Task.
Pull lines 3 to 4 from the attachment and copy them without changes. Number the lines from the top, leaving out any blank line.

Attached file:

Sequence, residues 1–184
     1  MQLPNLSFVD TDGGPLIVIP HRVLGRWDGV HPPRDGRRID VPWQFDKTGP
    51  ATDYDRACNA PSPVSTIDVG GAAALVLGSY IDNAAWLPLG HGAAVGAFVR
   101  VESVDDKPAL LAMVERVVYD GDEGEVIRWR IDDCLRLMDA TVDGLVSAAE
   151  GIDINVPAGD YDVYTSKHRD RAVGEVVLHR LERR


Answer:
    51  ATDYDRACNA PSPVSTIDVG GAAALVLGSY IDNAAWLPLG HGAAVGAFVR
   101  VESVDDKPAL LAMVERVVYD GDEGEVIRWR IDDCLRLMDA TVDGLVSAAE